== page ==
When Keith offered up the U-boat for the 450-mile roundtrip to southern Oregon I had planned for the weekend, I did not hesitate to answer affirmatively. Being “between” cars myself, the opportunity to drive the SCM Porsche 928 rather than my wife’s diesel VW Jetta daily driver instantly transformed the trip into something special.
We still set out on the same slog down Interstate 5, which gave me plenty of time to poke and prod the Porsche’s many buttons and levers, familiarizing myself with its dashboard and controls. As forewarned, the HVAC seems borrowed from a Toyota Corolla and the workings of some of the switchgear are elusive.
As the traffic thinned out south of Portland, I found myself casually speeding in a fashion more akin to late model sports cars. From 55 miles per hour to up over 80, the 928 displayed no difference in attitude, cruising solidly and quietly. I was pleasantly surprised at its highway manners, even its overtaking ability. The V8, however, is completely without character, emitting almost no sound whatsoever, even at full throttle.
With cold air wafting from the ducts in the 928’s doors and the cruise control set as a prophylactic to injurious speeding, we made our way comfortably down to the Highway 38 turnoff past Cottage Grove, OR. I grew accustomed to the squat cockpit, in which even a shorter-than-average person will, of necessity, adjust the seat to position their head near to the mail-slit-sized sunroof.
By this point you could barely say I had driven the car, but the next 50 miles remedied that. The first sweeper I encountered betrayed the 928s leaden steering, and on the tighter turns through the Coast Range its lack of feel became evident. The 928 seems heavy, always – whether steering, braking or accelerating – although it never gives the impression of being a particularly big car.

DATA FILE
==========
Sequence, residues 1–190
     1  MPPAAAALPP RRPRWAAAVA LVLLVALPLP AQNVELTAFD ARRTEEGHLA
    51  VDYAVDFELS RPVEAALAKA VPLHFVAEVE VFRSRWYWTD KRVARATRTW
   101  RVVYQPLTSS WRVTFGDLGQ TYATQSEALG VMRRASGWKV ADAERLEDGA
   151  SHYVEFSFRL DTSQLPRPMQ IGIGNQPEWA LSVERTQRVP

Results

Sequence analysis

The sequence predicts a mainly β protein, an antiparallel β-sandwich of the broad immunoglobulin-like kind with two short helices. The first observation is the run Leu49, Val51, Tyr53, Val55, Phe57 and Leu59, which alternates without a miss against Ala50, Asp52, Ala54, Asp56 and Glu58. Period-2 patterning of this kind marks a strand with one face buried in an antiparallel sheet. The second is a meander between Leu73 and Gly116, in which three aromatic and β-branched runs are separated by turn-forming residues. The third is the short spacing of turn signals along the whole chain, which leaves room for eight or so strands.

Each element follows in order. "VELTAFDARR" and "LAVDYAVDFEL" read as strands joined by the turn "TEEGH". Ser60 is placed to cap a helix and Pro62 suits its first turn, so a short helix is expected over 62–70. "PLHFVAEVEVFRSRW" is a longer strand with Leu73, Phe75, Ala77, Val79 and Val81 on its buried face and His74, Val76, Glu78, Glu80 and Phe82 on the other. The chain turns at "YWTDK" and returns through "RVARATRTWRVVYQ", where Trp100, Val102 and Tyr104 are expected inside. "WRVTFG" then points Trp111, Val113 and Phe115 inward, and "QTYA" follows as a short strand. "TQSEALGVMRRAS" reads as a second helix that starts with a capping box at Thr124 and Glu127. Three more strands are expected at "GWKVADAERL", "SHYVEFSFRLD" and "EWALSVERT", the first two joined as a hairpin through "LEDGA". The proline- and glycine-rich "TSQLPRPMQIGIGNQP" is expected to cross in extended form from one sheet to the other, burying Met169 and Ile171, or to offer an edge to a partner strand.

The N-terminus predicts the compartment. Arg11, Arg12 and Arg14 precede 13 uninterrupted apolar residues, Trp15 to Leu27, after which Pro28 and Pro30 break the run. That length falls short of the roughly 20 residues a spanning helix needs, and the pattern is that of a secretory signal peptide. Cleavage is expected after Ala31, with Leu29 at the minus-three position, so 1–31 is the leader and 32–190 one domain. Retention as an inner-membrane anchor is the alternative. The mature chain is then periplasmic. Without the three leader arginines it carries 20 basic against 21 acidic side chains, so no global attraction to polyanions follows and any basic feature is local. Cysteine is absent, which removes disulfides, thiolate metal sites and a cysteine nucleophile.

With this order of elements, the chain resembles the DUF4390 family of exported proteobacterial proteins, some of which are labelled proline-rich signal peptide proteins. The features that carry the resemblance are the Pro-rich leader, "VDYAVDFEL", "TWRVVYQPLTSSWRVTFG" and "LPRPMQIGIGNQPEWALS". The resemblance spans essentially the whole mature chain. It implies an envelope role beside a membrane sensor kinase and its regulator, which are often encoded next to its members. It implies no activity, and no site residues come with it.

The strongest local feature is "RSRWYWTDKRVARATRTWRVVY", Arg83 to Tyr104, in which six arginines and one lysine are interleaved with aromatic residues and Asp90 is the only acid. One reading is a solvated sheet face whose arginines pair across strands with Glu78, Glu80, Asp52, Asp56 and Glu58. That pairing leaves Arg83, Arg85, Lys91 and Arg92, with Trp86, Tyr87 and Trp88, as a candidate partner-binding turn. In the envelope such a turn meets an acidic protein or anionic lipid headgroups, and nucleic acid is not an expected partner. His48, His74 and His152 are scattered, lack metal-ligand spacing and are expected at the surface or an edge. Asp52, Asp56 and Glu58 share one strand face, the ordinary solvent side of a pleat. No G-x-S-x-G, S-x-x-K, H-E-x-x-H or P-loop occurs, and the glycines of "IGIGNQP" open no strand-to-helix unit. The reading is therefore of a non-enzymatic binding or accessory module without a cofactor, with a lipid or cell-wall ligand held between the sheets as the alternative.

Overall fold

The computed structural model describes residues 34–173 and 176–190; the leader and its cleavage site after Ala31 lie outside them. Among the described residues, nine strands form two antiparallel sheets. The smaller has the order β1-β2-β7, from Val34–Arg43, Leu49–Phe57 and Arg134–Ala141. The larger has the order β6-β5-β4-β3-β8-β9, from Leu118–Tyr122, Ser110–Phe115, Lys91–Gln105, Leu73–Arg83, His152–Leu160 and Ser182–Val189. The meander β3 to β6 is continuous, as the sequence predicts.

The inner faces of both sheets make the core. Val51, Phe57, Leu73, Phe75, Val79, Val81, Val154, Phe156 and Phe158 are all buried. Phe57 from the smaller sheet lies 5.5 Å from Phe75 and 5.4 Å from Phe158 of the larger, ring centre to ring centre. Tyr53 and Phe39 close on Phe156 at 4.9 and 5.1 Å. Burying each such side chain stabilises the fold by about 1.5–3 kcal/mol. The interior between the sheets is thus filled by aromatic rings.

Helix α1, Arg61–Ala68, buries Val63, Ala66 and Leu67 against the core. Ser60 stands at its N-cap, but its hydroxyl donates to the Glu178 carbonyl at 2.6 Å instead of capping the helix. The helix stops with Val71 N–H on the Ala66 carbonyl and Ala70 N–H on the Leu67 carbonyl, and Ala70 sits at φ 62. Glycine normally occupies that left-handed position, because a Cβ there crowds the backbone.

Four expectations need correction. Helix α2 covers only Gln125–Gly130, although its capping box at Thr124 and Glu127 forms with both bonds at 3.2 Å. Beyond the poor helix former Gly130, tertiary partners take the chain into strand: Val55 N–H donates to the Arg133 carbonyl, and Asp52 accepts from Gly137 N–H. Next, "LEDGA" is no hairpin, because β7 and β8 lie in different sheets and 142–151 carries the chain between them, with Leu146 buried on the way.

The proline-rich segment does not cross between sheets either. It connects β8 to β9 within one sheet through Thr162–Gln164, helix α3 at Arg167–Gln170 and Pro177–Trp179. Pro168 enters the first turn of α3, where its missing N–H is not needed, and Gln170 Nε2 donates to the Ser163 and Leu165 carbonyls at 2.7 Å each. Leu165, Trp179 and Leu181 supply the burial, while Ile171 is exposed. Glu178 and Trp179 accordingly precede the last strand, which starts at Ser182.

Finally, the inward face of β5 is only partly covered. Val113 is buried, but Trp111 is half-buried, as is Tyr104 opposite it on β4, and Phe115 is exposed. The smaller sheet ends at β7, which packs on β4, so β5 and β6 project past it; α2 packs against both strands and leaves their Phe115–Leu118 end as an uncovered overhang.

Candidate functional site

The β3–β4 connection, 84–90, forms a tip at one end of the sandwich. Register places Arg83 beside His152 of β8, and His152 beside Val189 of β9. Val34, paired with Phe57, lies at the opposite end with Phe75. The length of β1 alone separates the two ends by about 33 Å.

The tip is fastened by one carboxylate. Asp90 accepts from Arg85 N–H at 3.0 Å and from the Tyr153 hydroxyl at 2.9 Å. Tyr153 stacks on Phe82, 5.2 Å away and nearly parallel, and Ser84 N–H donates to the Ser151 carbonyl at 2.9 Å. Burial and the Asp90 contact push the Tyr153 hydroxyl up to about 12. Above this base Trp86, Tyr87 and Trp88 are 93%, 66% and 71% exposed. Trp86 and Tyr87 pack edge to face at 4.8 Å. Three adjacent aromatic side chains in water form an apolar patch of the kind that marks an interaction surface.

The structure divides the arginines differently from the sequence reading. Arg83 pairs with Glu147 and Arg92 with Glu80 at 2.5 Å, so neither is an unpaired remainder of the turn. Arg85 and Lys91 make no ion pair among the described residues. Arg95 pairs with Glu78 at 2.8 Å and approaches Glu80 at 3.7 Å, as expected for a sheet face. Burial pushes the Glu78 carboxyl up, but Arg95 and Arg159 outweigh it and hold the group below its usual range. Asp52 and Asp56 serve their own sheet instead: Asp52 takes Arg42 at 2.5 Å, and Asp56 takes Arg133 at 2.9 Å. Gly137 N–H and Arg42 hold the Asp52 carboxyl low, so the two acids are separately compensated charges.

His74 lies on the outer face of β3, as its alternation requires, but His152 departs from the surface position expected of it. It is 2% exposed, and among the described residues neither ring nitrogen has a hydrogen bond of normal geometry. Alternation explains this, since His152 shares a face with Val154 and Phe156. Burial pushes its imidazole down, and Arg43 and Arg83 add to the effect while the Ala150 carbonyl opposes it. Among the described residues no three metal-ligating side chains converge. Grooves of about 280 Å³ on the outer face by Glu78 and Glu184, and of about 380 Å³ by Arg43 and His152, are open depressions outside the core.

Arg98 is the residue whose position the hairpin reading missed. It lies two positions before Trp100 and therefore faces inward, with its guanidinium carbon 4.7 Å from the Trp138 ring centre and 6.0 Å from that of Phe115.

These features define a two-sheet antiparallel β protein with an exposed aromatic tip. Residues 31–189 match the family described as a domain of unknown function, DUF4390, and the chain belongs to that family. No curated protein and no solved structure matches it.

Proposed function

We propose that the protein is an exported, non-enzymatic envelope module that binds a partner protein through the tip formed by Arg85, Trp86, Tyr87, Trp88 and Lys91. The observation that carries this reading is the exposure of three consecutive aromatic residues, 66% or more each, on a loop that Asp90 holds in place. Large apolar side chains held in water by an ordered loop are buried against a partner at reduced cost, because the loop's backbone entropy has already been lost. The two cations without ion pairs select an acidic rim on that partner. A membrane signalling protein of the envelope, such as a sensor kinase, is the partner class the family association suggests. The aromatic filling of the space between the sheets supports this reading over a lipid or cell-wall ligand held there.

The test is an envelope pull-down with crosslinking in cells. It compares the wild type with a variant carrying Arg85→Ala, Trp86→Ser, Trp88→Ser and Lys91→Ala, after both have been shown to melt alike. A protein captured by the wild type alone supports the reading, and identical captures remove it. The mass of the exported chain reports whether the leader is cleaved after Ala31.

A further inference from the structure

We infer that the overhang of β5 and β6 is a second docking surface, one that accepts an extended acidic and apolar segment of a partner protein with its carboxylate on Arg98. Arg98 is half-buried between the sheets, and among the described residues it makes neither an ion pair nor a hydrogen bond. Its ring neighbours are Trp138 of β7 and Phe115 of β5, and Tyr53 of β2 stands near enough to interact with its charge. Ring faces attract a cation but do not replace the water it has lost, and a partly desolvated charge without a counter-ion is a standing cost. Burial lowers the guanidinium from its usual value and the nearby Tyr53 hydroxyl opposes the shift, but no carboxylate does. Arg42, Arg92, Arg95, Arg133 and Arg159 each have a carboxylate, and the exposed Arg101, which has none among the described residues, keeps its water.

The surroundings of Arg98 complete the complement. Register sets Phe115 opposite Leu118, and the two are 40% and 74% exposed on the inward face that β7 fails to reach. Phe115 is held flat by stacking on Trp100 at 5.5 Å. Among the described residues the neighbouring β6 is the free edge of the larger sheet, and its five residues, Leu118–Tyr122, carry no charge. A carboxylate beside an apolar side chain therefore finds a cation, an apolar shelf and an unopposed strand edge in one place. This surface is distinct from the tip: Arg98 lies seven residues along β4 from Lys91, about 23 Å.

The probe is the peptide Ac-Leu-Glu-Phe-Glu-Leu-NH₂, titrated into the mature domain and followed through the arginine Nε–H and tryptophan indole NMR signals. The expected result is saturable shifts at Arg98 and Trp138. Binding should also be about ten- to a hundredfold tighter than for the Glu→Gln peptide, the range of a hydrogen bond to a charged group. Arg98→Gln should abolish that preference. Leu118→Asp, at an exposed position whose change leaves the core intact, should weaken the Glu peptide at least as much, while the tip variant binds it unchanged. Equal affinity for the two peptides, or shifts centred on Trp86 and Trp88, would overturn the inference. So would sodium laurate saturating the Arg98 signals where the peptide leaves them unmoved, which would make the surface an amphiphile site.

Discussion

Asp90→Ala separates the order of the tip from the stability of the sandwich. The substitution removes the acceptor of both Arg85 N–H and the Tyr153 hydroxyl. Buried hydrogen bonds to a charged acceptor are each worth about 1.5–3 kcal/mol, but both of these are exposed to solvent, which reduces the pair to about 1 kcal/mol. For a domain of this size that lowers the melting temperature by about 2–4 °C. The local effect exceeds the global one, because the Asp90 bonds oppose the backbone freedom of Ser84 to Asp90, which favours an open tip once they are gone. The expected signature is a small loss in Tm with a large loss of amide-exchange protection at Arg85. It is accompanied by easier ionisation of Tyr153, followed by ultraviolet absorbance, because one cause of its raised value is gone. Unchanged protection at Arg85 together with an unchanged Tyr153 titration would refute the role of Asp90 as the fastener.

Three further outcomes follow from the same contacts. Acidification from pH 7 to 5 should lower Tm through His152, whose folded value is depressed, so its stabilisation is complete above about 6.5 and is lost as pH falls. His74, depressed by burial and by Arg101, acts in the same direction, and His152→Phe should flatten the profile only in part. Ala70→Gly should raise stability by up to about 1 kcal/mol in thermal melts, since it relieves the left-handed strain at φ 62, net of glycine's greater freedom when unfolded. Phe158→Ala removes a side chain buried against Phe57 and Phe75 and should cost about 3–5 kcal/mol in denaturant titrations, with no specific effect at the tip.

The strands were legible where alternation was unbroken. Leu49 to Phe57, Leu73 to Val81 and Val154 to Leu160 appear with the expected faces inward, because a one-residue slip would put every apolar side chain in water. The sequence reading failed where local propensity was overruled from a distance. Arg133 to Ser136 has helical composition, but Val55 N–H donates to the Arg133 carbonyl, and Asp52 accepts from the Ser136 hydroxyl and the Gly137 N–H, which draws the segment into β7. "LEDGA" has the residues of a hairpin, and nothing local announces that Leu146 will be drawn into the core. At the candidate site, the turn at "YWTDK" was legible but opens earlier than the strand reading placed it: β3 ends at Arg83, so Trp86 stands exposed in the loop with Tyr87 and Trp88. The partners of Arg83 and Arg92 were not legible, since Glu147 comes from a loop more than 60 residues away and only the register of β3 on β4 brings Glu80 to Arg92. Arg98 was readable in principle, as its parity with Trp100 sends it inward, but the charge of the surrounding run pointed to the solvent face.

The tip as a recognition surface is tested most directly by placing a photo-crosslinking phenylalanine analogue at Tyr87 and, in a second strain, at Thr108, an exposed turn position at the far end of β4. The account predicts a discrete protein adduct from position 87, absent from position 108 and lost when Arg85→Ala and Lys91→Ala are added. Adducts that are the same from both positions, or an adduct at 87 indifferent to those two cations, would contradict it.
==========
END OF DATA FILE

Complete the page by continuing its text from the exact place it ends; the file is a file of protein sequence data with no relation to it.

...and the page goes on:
After visiting North Bend, OR, we drove up Highway 101 to spend the night in Florence, OR. The car attracted quite a bit of attention when parked on the street downtown, where I had to remind one catcaller why it looked familiar. That “Risky Business” attended to, I had time to muse on the 928’s design as we sat outside eating next to the car.
I have never found the looks of the 928 (or the 924 or 944, for that matter) to do much to excite me. When it comes to wedges, I prefer the sharp styling of cars such as the Lotus Esprit or DeLorean to the soft, rounded-off Porsche lines. The 928’s thick window frames seem awkward. I do adore the color of the SCM 928, which seems like it might be the same as the Midnight Blue Metallic of the 2001 Boxster S I owned for several years.
The next morning, we drove up 101 through the Siuslaw National Forest. The coastal road in this area has a stretch of twisties which is reminiscent of California’s Pacific Coast Highway near Big Sur. The 928’s wide tires and flat cornering were much appreciated here.
We stopped for lunch in Newport, OR, where I made sure to park the car far away from any docks. Afterwards we took U.S. Highway 20 (passing the sign stating, “Boston, MA, 3,365 miles,” denoting the longest continuous road in the United States) through Corvallis, OR, back to the freeway for an uneventful drive home to Portland.
After my first weekend with the 928, I am not especially impressed. My frame of reference for Porsches is almost completely modern, as I’ve driven most from the last 20 years, and I owned that Boxster. But I have also driven one of SCM Contributor Jim Schrager’s “perfect” vintage 911s as well as a friend’s 930, on a roadtrip from Chicago to Road America some years ago. Compared to any of these three, the 928 lacks sportiness and character.
I did not find the SCM 928 engaging, but admittedly, I was driving cautiously and carefully as anyone would during their first time out with the “boss’ car.”
Perhaps another getaway is in order?